A valley extends across the center of the image, and a tributary joins it from the north, while another branch connects from the south. This branch--which resembles half of a crater--is really just a bend in the channel, much more incised than the muted valley going across the scene.
There is evidence of mass wasting (gravity moving dry materials off high-standing regions onto low-lying regions), visible where a series of ridges appear to be piling up near the floor of the bend.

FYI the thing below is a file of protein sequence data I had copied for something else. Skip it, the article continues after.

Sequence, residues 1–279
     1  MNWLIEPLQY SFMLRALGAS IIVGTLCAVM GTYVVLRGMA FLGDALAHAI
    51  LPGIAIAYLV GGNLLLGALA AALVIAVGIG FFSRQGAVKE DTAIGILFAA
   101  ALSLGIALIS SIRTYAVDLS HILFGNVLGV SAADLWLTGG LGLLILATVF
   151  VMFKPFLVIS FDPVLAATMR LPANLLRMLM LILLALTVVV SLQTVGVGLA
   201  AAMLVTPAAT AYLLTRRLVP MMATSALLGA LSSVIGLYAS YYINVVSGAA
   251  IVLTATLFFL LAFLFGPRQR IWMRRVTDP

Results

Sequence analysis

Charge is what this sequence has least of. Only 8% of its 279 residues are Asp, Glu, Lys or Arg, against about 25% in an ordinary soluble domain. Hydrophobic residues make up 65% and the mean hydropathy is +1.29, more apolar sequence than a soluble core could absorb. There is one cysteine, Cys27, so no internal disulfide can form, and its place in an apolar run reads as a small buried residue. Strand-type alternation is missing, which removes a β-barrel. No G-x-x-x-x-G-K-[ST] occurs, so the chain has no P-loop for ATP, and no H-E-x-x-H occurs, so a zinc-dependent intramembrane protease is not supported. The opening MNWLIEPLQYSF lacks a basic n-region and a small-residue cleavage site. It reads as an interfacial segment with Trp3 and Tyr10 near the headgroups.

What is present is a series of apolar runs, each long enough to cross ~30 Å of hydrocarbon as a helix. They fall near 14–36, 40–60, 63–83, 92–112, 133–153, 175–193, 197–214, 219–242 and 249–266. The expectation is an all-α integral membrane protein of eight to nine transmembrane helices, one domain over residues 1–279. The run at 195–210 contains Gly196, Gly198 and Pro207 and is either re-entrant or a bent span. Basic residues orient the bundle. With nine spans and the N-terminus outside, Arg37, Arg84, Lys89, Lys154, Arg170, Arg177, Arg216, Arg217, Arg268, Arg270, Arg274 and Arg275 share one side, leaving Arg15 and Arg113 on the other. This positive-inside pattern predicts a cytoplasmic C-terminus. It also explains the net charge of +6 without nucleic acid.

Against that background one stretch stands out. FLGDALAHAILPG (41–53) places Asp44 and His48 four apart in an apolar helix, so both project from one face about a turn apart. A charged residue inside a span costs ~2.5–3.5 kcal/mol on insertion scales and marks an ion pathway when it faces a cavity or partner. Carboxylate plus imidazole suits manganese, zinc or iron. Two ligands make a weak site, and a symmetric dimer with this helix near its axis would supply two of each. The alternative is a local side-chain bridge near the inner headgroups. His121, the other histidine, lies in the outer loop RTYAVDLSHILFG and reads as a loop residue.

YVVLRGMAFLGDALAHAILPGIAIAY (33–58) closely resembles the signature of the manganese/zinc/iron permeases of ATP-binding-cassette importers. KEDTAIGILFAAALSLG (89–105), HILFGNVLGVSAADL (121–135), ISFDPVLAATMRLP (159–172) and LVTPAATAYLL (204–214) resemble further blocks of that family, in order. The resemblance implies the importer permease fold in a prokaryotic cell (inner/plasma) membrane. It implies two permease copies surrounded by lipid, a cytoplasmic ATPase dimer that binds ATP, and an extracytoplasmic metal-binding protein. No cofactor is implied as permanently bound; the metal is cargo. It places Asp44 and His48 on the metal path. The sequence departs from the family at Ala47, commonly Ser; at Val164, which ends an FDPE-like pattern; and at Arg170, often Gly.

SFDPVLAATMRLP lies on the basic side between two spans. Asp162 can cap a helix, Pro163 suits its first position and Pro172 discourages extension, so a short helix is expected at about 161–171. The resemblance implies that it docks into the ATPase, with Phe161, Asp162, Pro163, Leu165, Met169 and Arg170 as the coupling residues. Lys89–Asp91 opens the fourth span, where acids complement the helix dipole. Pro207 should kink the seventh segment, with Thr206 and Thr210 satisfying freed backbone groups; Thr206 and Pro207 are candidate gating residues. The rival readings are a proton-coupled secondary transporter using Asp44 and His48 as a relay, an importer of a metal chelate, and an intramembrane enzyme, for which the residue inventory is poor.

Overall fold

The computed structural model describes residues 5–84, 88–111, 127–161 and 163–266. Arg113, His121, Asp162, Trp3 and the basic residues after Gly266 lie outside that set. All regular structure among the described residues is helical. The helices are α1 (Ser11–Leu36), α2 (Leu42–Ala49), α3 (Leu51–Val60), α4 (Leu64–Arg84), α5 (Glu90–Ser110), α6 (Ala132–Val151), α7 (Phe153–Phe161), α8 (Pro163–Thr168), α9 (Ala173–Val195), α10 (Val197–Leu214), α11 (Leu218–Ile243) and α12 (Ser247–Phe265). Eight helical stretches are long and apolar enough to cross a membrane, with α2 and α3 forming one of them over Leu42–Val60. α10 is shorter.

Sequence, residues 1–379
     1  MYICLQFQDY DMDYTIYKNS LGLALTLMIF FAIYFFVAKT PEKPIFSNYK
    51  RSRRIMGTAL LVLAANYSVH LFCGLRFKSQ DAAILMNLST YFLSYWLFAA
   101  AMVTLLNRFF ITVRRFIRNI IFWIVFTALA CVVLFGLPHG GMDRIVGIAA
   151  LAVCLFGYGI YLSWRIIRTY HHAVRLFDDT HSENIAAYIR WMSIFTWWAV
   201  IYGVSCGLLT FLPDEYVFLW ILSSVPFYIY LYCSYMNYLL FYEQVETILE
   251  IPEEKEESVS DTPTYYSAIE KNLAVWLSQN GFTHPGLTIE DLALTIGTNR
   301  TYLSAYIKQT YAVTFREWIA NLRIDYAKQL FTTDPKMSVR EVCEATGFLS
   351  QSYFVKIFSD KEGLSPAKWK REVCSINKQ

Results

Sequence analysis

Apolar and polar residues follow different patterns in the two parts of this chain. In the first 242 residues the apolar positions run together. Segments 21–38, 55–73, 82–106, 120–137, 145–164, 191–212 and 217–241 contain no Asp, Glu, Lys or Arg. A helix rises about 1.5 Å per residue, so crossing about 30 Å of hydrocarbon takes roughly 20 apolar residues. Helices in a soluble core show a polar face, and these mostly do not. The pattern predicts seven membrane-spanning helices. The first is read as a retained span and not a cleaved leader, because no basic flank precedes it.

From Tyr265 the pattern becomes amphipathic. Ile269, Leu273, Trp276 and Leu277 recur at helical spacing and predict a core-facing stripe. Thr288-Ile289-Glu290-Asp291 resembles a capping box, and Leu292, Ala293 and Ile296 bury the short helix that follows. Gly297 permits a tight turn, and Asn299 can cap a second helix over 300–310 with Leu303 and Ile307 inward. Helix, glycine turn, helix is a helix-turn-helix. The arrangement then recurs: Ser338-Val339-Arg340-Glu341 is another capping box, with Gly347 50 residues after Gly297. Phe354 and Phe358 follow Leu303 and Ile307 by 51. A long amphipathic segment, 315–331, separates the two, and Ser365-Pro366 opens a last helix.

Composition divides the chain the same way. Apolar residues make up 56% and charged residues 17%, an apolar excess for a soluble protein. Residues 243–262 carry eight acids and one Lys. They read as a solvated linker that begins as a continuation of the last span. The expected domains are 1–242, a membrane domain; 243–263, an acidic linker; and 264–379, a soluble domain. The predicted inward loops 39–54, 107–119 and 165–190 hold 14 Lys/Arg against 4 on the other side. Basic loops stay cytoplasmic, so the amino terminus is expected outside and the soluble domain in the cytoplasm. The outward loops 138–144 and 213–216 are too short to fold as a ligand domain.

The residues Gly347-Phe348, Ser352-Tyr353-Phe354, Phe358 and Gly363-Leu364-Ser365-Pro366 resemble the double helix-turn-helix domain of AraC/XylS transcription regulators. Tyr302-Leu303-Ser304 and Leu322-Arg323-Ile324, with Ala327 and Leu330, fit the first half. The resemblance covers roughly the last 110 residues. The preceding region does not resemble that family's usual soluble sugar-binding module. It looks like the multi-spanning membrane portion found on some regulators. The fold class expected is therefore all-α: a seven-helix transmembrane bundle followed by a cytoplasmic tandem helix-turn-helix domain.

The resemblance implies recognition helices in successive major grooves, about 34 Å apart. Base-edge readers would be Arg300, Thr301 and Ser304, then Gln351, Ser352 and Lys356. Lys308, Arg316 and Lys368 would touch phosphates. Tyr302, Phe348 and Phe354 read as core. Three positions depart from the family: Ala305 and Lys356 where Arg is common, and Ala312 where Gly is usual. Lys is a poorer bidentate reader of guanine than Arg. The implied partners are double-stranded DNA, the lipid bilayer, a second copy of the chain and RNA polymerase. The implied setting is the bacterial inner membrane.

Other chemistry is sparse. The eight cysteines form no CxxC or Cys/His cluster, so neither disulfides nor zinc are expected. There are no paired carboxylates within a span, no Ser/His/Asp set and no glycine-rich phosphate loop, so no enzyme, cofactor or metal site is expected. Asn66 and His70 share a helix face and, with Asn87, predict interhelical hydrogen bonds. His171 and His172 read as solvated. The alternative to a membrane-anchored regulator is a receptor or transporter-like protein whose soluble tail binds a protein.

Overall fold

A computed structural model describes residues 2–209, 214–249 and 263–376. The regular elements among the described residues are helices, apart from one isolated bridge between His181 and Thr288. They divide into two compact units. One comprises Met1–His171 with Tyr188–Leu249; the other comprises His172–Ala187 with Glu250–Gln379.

The terrain surrounding the valley has craters of a range of ages, judging by their different states of degradation. One small fresh crater near the right side of the image has dark, high-standing rays extending from it. A larger more degraded crater is located in the bottom third of the image. A great deal of material has flowed off the crater walls into its center. It is likely that ground ice aided the movement of this material.
Photo credit: NASA/JPL/University of Arizona
Note: The location of this image, Ismenius Lacus, lies in the larger region of Arabia Terra and is located northeast of Cerulli Crater.